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For this final paper, you will weave together the information from the first three assignments and discuss your understanding of how public policy, crime, and justice interplay in your community. This final paper should be about 6-8 pages. You will take the information that you collected during your research for the previous assignments to inform your final paper. You will not cut and paste the previous 3 essays and form this paper! Rather, you will write this essay based on the information gathered previously. More information will be discussed during the semester.
SOME THINGS TO KEEP IN MIND AS YOU WORK ON THIS PROJECT:
- The reflection paper is meant to make you think about your neighborhood.
- The “history of my neighborhood” paper is meant to make you write the part of your paper where you discuss the background of your neighborhood, including crime data.
- Your “newspaper article” is where you were to discuss the current situation of your neighborhood – and this is where you conduct your interviews (the reason you had to take your CITI certifications).
So, if you complete the above assignments (as they are meant to be completed), you will have basically written about 75% of your final paper – because most of the components of your final research has been completed: 1) the introduction – with the reflection paper; 2) the literature view – 3/5 sources were used for the annotated bibliography; 3) the “body” – the information you collected for the historical essay and newspaper story.
This does not mean, however, that for the final paper you cut and paste the previous assignments into your paper! However, in terms of the content for your final paper, much of it has been already conceived and laid out, with your previous assignments.
RESEARCH NECESSARY FOR YOUR PROJECT
Collecting data about your neighborhood: You will begin by collecting background data about your neighborhood that will consist of information you find by searching online, at a library and/or elsewhere. It will include statistics and/or reports published by government agencies such as the police, health department, or the housing department (“secondary data”). The background data may also include reports and statistics generated by non-governmental agencies (like the ACLU, for example) and any articles that you can find about your neighborhood, including academic papers, magazine articles, newspaper stories and so on, that provide insight into it. You will use secondary source information and your own personal observations to write a description of your neighborhood.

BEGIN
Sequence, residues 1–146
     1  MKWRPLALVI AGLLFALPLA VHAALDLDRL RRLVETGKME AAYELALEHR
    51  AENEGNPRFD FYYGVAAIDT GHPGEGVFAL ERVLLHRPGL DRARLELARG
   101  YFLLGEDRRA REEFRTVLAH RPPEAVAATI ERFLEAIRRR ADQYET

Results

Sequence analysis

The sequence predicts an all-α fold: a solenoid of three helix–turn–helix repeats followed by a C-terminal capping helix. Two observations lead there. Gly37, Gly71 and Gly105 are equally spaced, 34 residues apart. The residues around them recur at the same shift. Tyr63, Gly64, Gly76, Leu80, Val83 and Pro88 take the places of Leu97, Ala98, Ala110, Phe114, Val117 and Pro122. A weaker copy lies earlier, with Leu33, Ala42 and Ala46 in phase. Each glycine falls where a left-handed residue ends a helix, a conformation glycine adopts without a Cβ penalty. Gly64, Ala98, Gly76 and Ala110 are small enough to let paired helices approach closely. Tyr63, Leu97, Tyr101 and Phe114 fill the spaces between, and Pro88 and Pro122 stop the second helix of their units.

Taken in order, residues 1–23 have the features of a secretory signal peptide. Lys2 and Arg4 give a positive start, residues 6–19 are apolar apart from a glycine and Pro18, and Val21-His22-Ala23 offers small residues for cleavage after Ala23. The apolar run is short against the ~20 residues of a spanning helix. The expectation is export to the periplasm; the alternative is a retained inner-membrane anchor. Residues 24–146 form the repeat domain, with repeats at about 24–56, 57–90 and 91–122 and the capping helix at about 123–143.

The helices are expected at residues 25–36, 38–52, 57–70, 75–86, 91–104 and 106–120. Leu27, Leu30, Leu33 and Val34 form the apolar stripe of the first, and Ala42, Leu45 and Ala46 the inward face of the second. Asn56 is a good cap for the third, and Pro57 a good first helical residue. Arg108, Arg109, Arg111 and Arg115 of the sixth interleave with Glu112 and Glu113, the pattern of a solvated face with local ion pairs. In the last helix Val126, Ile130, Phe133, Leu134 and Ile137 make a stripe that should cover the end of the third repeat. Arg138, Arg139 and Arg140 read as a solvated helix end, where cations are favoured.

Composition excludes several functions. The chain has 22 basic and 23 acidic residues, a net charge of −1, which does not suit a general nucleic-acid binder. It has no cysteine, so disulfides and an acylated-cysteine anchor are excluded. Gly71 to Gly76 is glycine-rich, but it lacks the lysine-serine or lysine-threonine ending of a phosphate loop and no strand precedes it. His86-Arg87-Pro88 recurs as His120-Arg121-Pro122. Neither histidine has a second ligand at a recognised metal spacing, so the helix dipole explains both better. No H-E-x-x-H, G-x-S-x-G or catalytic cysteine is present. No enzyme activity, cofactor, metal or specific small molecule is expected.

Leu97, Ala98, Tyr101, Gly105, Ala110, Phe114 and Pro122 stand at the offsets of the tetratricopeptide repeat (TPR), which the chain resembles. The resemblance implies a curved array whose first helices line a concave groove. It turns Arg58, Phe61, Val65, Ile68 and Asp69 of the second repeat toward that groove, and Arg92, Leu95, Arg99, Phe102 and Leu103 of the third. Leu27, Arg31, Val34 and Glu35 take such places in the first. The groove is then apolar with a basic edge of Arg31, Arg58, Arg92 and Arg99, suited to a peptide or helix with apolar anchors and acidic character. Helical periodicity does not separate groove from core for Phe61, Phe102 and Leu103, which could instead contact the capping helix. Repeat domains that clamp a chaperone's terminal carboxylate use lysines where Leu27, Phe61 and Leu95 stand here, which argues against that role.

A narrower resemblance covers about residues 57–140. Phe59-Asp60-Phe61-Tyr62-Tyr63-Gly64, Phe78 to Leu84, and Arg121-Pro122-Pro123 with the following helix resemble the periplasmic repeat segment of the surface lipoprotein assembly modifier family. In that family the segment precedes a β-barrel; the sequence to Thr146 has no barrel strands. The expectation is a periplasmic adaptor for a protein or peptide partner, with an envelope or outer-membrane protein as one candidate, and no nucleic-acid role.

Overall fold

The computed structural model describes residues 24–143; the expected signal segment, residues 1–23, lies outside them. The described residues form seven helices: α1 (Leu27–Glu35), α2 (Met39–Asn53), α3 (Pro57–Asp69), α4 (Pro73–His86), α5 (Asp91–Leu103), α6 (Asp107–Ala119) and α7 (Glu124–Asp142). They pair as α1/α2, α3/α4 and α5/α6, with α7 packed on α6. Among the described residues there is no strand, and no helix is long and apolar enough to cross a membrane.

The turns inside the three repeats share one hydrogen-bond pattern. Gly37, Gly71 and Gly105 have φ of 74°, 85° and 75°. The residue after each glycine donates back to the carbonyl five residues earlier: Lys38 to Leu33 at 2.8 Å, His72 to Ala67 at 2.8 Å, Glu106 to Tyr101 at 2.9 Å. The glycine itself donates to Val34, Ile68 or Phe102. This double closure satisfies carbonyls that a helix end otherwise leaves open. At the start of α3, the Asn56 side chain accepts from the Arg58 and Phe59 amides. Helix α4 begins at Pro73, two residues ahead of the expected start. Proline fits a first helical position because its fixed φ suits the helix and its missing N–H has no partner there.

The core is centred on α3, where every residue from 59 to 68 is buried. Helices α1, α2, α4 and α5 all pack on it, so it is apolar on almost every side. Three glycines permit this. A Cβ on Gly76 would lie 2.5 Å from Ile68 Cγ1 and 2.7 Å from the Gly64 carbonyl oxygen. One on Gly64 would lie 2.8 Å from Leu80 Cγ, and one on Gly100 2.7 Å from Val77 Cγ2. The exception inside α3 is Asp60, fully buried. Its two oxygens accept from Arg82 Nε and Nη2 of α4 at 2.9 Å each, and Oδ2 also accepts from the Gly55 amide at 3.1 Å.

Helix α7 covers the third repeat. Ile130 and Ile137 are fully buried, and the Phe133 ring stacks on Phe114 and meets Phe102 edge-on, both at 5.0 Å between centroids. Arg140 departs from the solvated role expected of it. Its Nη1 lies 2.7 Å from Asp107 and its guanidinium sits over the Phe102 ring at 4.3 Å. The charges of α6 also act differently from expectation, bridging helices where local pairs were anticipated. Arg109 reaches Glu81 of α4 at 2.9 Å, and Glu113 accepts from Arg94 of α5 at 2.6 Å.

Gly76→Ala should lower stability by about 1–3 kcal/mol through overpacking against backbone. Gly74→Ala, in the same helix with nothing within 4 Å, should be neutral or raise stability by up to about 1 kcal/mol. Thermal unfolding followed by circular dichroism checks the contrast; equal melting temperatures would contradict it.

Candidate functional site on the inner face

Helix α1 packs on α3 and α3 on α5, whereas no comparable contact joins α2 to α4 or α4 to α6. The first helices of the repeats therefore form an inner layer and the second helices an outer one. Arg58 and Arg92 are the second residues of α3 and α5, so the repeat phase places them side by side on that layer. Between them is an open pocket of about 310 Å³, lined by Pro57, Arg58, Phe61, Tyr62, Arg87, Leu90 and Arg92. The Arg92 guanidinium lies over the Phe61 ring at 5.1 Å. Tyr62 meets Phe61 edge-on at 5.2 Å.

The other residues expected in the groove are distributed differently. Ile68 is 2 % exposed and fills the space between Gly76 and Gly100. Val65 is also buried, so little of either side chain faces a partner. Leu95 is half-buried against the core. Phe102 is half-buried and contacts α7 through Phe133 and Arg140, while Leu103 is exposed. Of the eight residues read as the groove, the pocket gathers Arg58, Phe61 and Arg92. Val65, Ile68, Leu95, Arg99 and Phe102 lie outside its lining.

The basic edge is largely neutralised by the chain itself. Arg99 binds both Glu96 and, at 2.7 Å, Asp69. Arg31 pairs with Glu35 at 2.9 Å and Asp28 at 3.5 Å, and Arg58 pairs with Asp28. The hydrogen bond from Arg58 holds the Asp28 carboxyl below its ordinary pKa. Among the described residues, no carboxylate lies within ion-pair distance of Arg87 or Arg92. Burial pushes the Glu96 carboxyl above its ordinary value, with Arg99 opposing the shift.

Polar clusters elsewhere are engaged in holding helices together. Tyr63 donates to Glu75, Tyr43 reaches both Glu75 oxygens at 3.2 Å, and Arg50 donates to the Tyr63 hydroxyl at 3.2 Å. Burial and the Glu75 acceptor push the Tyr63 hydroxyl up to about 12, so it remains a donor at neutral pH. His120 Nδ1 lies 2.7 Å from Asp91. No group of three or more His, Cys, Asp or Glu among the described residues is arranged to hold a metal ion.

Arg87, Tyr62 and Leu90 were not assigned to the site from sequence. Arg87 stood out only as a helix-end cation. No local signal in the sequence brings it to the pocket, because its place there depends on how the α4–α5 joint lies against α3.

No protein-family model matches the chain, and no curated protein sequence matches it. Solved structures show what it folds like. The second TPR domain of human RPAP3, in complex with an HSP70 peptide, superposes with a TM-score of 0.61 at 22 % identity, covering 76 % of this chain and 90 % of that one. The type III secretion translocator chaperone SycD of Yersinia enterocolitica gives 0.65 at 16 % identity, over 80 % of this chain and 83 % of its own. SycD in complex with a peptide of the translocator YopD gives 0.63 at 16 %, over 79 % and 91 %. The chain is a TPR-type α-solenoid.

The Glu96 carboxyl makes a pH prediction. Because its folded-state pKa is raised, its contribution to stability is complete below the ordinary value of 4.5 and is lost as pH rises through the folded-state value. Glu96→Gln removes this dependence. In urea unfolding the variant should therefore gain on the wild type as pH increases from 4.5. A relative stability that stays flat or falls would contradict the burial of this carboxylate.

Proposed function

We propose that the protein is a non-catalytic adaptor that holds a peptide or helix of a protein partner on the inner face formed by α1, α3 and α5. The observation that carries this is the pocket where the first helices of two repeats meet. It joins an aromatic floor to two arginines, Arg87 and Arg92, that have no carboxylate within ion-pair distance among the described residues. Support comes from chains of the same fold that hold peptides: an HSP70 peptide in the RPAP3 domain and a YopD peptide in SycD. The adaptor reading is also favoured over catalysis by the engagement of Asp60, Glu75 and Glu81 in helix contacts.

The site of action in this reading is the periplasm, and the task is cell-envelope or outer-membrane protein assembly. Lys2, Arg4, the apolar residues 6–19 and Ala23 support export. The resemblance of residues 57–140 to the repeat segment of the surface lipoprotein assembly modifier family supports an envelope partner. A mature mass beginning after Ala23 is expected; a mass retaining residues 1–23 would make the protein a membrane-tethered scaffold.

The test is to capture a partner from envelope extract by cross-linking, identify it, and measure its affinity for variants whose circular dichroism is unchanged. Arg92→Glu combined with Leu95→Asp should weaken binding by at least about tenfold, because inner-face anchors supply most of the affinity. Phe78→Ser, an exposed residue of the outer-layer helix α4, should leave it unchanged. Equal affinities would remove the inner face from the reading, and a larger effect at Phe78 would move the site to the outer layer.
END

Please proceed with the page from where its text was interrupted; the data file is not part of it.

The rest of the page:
Conducting Systematic Observations and interviews in your neighborhood: This project employs a relatively short window of time to conduct a very simple set of systematic observations in neighborhoods. You will conduct observations and interviews in your neighborhood. To conduct observations, students are asked to adhere to their normal daily routines – pay attention to whether any evidence of crime in their neighborhoods is observed. If yes, students will record where and how often they see it and, if possible, report which crimes are involved – do not seek criminal activity out! Pictures are a good idea, but do not take pictures of anyone unless you have their permission. You will also conduct interviews – you must interview at least 3 ppl. They can be neighbors, family, business owners, police officer, postal workers, anyone who is in your neighborhood on a consistent basis. You will ask them about their connection in the neighborhood (how long have they lived there?) and of their perceptions of crime in the neighborhood: has neighborhood crime gone up or down? Why do they think? Has the neighborhood changed in any other way since they have lived there? These interviews must be anonymous and confidential! You may not use people’s real names or describe them in such a way that anyone who reads your paper will be able to identify them. As you write your paper keep in mind that, the reporting of the data you collect should be with the focus of answering the primary questions of the assignment (first paragraph). And as you answer these questions using the data you collected, you are also incorporating the different 2 perspectives discussed in class (the sociological imagination, navigating space, being present in the space that you’re in, who does the city belong to?, interrogating concepts of disorder, crime, “good neighborhoods” v. “bad neighborhoods”).
GENERAL TIPS FOR WRITING PAPERS
Please refer to the guidelines below on what is expected in a college-level essay:
- All work is typed
- Font is standard (12 pt.)
- 1” margins on all sides
- APA citation (please consult with the LIBRARY or WRITING CENTER for help on how to cite using APA format (the Purdue OWL website is also a great resource)
- The introductory paragraph is at least SIX sentences long
- Spellcheck applied to FINAL draft
- The paper does not contain contractions (no “don’t,” “can’t,” “couldn’t”)
- Do not use first person pronouns (we, I, you, us, our, my, mine, me) PAPER
- Focused, clear, uses a point effectively, and supports the thesis you are making; meaning: Does the essay answer the question that is asked? Does the essay critically analyze the subject matter? Is the information clearly, coherently and concisely synthesized and presented?
- Uses appropriate sources to make a sensible argument
- Integrates quoted material effectively
- Does not come entirely from just one source nor does it rely heavily on only one or two sources?
At least 5 sources (NO WIKIPEDIA, NO BLOGS!)